As I drive to work each morning, I often zero in on the multiple tasks before me. Arriving early, I walk quickly into the building, up the stairs, and into my office to get a good start on my to do list before others arrive. 

With that kind of focus, I know I miss noticing things like the sunrise, flowers blooming, grass mown, flowerbeds weeded, floors buffed, trash cans emptied, disinfectant applied, glass doors cleaned, and carpets vacuumed.

This gave me pause to think about all the things that occur without my notice. While living in Florida, there was a prominent business man, who on very special occasions, would give a wooden spoon to a recipient. He would share the story about how his grandparents would entertain large groups of people with a great abundance of food. 

His grandmother would often not be seen or heard, but her delicious food would be enjoyed by all. He began a tradition of giving a wooden spoon as an award to an individual who made a significant difference in helping their organization be successful while working behind the scenes, just like his grandmother.

There are many at our university that are wooden-spoon workers, employees who work hard, but are rarely seen. There are those that work in plant and custodial services who maintain our heating and cooling systems, provide sealant for our buildings, change lighting when needed, regularly replace the flags, repaint, mow the grass, and pick up trash. 

There are our IT department technicians who ensure our information is secure and who did a phenomenal job helping our faculty seamlessly navigate to online classes during this COVID-19 crisis. I think of our cafeteria workers who prepare the food for hundreds of students and staff. I often take what these employees do for granted; they are vital for maintaining our campus and ensuring that the university operates effectively.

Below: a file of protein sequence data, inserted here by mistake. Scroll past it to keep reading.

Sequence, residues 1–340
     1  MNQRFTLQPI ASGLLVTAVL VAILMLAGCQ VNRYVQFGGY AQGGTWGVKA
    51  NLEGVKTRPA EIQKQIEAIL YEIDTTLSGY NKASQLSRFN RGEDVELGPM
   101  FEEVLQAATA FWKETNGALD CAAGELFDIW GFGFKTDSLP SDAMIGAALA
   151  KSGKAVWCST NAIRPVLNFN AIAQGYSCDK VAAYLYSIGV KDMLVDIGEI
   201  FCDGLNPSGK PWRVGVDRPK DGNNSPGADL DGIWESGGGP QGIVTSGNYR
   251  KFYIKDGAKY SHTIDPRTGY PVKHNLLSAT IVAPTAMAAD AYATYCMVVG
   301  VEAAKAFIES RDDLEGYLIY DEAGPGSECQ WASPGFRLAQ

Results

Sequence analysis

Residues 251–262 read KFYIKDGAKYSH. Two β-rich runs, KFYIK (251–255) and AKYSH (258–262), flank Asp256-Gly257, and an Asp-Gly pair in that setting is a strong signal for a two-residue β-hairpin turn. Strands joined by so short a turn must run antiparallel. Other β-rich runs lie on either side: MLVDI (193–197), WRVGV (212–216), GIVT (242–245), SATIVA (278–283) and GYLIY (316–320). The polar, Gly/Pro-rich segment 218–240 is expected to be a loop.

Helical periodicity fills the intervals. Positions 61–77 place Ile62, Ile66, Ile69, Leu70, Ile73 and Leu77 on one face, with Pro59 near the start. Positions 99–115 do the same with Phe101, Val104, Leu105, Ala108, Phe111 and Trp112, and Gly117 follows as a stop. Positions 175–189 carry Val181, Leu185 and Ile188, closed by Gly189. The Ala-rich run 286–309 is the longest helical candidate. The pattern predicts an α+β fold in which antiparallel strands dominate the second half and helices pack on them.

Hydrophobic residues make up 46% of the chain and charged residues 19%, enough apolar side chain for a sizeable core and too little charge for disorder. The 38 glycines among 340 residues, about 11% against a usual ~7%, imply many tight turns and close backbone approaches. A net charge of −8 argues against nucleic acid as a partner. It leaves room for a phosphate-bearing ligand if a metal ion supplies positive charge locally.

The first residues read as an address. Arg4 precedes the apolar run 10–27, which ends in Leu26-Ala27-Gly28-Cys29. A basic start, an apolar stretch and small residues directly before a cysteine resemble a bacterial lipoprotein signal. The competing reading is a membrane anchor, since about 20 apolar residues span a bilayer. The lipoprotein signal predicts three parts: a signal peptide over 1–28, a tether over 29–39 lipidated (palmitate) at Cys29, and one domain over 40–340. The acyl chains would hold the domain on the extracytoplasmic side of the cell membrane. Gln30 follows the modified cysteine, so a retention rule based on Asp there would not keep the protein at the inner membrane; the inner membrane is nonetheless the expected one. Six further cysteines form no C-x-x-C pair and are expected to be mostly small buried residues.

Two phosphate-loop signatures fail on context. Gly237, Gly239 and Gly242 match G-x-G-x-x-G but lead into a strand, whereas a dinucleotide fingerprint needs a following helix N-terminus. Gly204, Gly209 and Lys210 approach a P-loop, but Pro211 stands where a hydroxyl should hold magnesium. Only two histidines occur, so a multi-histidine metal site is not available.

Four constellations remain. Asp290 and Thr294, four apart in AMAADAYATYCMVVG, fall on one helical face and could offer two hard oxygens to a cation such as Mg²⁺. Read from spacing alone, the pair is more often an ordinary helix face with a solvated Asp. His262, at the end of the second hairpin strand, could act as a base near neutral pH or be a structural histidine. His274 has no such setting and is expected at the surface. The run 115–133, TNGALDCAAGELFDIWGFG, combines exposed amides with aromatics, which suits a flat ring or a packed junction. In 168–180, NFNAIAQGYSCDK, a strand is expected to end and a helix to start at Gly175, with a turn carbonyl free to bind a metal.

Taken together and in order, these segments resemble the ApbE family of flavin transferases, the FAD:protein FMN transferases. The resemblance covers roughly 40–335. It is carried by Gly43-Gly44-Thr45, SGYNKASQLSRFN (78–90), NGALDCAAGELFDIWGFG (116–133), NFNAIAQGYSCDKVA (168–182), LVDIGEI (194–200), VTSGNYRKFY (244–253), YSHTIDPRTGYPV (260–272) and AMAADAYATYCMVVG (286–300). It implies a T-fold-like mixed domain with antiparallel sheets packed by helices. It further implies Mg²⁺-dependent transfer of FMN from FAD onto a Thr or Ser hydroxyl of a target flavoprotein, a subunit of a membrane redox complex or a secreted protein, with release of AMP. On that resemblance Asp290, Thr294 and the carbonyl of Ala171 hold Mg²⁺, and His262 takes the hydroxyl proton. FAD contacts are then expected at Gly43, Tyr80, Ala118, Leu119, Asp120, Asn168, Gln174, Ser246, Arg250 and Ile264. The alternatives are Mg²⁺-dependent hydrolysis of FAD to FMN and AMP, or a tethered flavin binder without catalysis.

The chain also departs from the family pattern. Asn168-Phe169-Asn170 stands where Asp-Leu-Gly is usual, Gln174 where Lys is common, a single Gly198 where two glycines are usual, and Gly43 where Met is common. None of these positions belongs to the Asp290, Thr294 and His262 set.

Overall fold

In today’s time, I have also come to realize there are extraordinary wooden-spoon workers in our community. We have healthcare personnel who are keeping the hospitals and clinics open and providing excellent care for people while the rest of us are practicing physical distancing. 

There are individuals who have worked daily through the COVID-19 crisis to ensure the following areas continue to function: food industry, communications and IT, energy, financial, utilities, government, industry, etc. The people who work in these sectors have left their homes and their families to provide essential services for you and me. 

I think of the men and women who are currently serving in the U.S. military and those who paid the ultimate price. We often don’t see them as they are behind the scenes protecting our freedoms. 

All of these individuals deserve our appreciation now more than ever for all they do and have done to care for us and make us comfortable and help us continue to live in the land of the free. They all deserve the Wooden Spoon Award.

The words of John F. Kennedy’s final Thanksgiving proclamation inspire me to be more thankful, “Today we give our thanks, most of all, for the ideals of honor and faith we inherit from our forefathers - for the decency of purpose, steadfastness of resolve and strength of will, for the courage and the humility, which they possessed and which we must seek every day to emulate. 

As we express our gratitude, we must never forget that the highest appreciation is not to utter words, but to live by them.” 

I invite you to join me in being more aware of those that work behind the scenes and to provide them a virtual Wooden Spoon Award by expressing our gratitude for their important work.

 

Dr. Ken Shaw is president of Southwestern Adventist University.

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